A weekend in Nikko, Japan

Friday 2 August 2019

After Sylvia finished her busy day we strolled to the local metro station at Takanawadai and caught the metro to Asakusa station. There we mounted the Limited Express and in a couple of hours we dismounted at Shimoimaichi station where we caught a taxi for the last 35kms to our ryokan,  Hoshin, KAI Nikko. The drive was interesting to say the least. Cautious would be a somewhat under description of the driver, however his caution did pay off as we had a couple of close encounters with deer on the very windy roads.

Arriving at the Kai Nikko Hotel we were treated by a number of very polite staff and escorted to our room. This hotel is very traditional old style Japan ryokan with passageways matted in tatami mats, traditional garments to wear to meals and of course footwear left at the entrance to the matted areas. With a foyer, a huge bath in the bath room, the standard Japanese lots of buttons on the toilet, a little dressing room off the main room and a couple of low chairs with a half view of  Lake Chuzenji as the paper doors only slid over each other, it was surprisingly comfortable with almost full sized beds rather than futons.

 


Saturday 3 August 2019

Dressing in our Yulara and slippers we headed off to breakfast. The hotel is quite large, but being the off season it seams a little quiet just now. We were seated in a cubicle with a somewhat overwhelming menu placed on the table in front of us. Soon the food turned up, lots of dishes very well presented and fortunately each portion quite small.

 

 

Feeling rather full we headed off to catch the bus over the bush-clad hill to visit a bridge and a couple of temples in the Nikko Unesco World Heritage area. Reaching the top of the hill on the bus we then headed down probably one of the most well maintained switch back routes I have ever seen, dropping 400m over about one kilometre there were lots of corners. At times one could look out the window and see three or four legs of the road below you. The road is one way and in places two lane so the cars can pass the slow bus.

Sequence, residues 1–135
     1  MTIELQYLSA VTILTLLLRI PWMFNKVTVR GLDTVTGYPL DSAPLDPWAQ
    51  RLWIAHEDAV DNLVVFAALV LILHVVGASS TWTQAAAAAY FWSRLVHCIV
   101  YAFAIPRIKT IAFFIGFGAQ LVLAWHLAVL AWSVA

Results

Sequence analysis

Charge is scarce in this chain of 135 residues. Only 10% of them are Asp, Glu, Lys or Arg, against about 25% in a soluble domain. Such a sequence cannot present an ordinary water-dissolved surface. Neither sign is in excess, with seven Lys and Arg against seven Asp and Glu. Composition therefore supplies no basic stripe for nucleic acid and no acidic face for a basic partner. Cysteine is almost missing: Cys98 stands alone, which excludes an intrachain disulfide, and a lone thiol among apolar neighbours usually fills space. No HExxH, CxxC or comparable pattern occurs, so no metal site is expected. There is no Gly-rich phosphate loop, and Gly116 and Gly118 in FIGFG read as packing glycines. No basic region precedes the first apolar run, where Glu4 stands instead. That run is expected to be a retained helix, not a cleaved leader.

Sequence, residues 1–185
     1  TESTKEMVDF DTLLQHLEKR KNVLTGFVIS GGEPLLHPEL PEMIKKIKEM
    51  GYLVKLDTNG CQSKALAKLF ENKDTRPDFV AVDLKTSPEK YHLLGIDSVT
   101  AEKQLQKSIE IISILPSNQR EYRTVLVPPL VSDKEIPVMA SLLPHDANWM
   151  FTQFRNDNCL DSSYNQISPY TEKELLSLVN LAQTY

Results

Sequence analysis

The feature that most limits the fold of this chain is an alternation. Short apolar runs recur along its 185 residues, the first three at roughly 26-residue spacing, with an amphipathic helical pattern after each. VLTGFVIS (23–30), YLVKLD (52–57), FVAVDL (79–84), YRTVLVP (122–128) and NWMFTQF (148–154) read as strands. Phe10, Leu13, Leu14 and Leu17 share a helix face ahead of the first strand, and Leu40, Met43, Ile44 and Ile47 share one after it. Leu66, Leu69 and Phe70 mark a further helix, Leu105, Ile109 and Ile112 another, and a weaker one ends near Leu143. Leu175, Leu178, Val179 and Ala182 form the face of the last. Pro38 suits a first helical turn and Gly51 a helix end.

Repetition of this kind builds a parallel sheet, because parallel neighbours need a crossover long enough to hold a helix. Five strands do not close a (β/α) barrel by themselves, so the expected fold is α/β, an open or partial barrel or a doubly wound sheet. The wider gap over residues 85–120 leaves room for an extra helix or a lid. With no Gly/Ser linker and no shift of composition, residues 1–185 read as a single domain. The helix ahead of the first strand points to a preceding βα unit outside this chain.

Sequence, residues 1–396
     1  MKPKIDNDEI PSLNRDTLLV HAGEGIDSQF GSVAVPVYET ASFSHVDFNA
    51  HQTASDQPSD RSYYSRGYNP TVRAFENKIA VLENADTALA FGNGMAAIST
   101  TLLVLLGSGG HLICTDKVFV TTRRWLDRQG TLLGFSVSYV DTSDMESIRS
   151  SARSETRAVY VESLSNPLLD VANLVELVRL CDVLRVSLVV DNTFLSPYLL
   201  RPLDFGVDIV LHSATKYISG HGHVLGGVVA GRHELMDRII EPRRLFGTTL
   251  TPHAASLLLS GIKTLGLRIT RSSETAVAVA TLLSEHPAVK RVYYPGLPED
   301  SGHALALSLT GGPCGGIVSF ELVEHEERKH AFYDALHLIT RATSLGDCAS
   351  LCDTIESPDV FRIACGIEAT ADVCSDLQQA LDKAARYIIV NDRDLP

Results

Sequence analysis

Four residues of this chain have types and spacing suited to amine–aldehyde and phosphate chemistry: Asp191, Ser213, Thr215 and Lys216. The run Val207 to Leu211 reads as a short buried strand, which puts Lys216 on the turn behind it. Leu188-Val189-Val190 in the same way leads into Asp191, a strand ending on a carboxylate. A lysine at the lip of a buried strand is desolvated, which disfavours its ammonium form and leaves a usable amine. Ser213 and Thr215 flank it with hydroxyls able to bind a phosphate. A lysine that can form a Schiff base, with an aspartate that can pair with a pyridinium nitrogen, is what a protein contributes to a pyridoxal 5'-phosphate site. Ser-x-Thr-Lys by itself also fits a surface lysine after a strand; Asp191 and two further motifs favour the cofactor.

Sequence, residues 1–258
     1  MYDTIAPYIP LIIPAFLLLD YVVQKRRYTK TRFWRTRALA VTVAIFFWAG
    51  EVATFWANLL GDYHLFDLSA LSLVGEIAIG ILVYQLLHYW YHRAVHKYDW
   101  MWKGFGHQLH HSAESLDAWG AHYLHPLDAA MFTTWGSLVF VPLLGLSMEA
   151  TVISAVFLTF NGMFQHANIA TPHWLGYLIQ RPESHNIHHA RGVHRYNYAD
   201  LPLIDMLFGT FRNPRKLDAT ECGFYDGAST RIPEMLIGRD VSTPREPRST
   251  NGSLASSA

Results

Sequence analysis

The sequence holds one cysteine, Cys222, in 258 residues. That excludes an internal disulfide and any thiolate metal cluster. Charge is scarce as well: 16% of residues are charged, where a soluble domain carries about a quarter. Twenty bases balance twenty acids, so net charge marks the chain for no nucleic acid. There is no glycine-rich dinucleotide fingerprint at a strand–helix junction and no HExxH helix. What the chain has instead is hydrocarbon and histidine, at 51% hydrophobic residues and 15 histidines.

Soon we were at the Shinkyo Bridge. Crossingg the Daiya River it is one of the 3 most beautiful bridges in Japan. The original bridge was a myth where a 10ft tall character appears with a couple of snakes wrapped around his arm so a priest and his mates could cross the fast flowing river. Anyway the bridge has been rebuilt many times but in the same style since 1636.

From there we strolled up the road alongside the river stopping at  a coffee shop to be greeted by some very friendly staff. A nice old, hunched over lady came out from the back and gave me a fan to keep cool while we had a kind of sign language chat.

Along the road a little we headed up some steps and paths to the Toshogu Shrine, the most ornate shrine in Japan. With its 5 story pagoda (with what looks like a radio mast on top), lots of gold leaf carvings and statues, it’s a pretty impressive place built on the side of a hill with lots of steps and many levels. Build initially in 1617 but enlarged later, the third Shogun Leyasu is entombed there. Statues in various forms guard each entrance way as one enters different compounds or temples.

We had a good look around between heavy showers and ducking from building to building to avoid getting drenched. Some steps lead up to a stone walkway at the end of which some 200 steps lead up to the inner sanctum.

There are also many ornate carvings of birds and animals among other things One  particularly famous one is the three moneys famous  “see no evil, hear no evil, speak no evil”. It’s interesting as our poorly run government in NZ has adopted something similar. “Speak Lots, See Nothing, Do Nothing”